Who Goes First? Preparing for a Loved One's Death

When loved ones die before us
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How will my life change if my loved one dies first? Although we rarely talk about it, the thought is prevalent in most of us who are in long-term relationships.

I’ve counseled many people who never asked themselves the question. They assumed their loved one would outlast them. “I never thought she would die before me,” a caregiver said at a meeting two months after his wife died. “I’m the one with the heart condition.

Her cancer came on so unexpectedly, we didn’t have a chance to have the type of conversations you always wanted but were afraid to have.”

How to Plan for a Loved One’s Death

There is substantial information available that can enable you to financially and legally prepare for a loved one’s death whether or not it’s imminent. Most of this information involves what I call “housekeeping chores,” important but fairly routine tasks. They are activities lawyers, accountants, and other professionals can assist with, such as setting up trusts, filing taxes, planning for internment, etc.

While there can be financial and legal problems if these activities aren’t done in advance of a person’s death, most are correctable, or their effects can be minimized. However, living with regrets because you neglected to do or say something when your loved one was alive, can create emotional pain that can remain forever.

How to Prevent Regrets

I’ve found regret torments many people following the death of a loved one. “Why didn’t I tell her how much she meant to me?” “I wish I could have taken that hurtful statement back.” “I never forgave her for having an affair, but I should have.”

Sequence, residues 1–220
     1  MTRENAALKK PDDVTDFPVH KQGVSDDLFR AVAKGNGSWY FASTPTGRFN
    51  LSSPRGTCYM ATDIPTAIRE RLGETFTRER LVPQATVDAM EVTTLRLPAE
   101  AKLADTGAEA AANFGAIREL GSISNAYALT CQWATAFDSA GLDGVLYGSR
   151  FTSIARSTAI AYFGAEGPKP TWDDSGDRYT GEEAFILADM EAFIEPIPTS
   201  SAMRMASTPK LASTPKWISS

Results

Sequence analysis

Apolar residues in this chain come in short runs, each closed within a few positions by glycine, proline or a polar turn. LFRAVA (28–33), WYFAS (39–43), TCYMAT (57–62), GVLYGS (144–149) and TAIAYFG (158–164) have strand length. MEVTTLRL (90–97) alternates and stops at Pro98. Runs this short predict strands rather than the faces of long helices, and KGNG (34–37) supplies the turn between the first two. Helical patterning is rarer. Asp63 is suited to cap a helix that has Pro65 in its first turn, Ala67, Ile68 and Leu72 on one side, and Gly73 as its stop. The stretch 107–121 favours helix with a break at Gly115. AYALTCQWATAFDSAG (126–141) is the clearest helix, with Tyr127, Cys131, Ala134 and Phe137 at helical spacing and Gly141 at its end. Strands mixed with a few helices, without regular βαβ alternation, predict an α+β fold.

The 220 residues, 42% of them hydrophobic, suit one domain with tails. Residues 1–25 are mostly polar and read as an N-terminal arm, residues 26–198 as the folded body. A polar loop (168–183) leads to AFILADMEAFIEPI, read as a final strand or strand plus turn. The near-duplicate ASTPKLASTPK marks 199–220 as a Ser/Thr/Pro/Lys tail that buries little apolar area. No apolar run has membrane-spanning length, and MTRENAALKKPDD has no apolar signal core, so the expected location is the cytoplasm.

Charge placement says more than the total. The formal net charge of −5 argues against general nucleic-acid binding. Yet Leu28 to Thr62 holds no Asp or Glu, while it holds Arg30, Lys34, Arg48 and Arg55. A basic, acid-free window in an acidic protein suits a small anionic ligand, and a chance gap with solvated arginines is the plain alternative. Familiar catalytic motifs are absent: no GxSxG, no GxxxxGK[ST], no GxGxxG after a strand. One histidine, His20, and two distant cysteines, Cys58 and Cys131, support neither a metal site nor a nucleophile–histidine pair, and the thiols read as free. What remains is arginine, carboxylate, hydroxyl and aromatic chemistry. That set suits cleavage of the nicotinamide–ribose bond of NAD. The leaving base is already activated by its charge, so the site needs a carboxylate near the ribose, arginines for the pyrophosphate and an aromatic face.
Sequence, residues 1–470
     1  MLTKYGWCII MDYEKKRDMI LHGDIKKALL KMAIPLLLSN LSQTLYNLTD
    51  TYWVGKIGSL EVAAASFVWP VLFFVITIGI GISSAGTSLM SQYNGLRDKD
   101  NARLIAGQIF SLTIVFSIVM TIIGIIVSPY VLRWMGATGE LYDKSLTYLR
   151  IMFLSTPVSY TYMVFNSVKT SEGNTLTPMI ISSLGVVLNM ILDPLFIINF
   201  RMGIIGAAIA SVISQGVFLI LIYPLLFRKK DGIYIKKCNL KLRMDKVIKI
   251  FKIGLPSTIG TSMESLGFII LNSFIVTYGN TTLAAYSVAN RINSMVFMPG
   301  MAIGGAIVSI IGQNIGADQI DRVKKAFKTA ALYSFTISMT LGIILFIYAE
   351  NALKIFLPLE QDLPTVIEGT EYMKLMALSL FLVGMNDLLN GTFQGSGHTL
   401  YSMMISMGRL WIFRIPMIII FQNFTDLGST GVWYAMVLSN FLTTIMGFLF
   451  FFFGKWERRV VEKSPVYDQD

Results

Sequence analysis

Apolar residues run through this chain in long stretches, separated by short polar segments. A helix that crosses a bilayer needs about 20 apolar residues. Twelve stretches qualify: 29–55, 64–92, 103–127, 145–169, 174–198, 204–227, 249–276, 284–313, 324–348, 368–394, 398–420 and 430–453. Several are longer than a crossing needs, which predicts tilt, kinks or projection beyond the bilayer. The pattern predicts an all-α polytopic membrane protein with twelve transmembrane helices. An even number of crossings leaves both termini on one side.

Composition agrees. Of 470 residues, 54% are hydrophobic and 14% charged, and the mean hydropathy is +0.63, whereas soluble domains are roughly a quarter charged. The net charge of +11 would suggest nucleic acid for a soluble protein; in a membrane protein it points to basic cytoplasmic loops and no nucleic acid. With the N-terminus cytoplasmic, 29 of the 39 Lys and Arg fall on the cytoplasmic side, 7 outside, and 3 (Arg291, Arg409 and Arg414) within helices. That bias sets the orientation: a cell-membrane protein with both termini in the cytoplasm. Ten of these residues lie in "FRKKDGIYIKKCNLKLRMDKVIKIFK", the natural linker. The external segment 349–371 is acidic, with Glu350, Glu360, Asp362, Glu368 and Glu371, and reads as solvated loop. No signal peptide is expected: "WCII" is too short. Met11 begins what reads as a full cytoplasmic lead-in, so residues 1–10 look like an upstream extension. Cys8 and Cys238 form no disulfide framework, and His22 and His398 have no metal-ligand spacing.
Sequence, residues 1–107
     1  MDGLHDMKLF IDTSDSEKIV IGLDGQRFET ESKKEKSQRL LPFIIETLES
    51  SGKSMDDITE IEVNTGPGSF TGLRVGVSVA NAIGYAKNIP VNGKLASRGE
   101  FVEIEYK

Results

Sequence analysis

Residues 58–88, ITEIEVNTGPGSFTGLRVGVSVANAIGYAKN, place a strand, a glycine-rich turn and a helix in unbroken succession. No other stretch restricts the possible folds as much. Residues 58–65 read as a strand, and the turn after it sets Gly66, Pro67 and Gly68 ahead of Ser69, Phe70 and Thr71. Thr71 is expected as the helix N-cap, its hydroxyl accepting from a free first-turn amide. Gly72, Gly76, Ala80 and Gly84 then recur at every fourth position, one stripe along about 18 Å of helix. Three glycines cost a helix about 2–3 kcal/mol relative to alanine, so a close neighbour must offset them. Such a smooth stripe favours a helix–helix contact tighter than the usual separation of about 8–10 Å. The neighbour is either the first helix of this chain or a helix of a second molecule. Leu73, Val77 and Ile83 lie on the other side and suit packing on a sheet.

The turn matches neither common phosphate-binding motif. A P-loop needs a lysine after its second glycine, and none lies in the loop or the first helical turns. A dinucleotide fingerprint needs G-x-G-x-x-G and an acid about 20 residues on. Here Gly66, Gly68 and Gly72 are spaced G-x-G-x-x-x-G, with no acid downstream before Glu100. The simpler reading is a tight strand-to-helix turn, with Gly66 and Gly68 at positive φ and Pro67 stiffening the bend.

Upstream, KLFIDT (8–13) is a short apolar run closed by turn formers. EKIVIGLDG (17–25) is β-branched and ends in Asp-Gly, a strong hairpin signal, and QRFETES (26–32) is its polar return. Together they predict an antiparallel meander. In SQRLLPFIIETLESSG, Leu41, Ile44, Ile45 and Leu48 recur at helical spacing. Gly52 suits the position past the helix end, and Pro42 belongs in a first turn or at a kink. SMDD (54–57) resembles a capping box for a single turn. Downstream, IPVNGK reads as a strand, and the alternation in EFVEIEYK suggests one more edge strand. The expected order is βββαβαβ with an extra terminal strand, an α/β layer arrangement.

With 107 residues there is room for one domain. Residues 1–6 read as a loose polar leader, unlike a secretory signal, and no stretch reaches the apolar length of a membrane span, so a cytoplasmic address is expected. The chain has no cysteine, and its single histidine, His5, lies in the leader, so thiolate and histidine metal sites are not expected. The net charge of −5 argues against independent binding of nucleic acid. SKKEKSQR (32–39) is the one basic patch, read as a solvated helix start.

The solution to not living with regrets is to “clean your plate,” every day.

Instead of allowing something to ferment—sometimes for years, take care of it on a daily basis. Steven Levine wrote a book in which he asked readers to imagine they had one year to live. How would you live it? In my counseling, I shorten the timeline to twenty-four hours. If you knew you would be dead in one day, what would you say to your loved one?

Living Your Life As If It Will End Tomorrow

Since my cancer diagnosis thirteen years ago, I’ve tried to live my life as if it will end within twenty-four hours. When I shared this approach with some people, they thought it was a morbid and depressing exercise.

To the contrary, it has been fulfilling to me and soothing to friends and family. Difficulties in relationships don’t linger. If I do an unskillful act, I try to apologize as soon as possible.  If I’m the recipient of an unskillful act, I try to forgive or at least understand what was behind it. If I’ve received a kindness from someone, I offer my gratitude to them.

I’m seventy, and my wife is sixty-eight.

Will I be upset if she goes first? Of course. But it will be because I lost a loving companion of forty-five years, not because I regret having held back expressing gratitude, offering forgiveness, asking for forgiveness or expressing my love.

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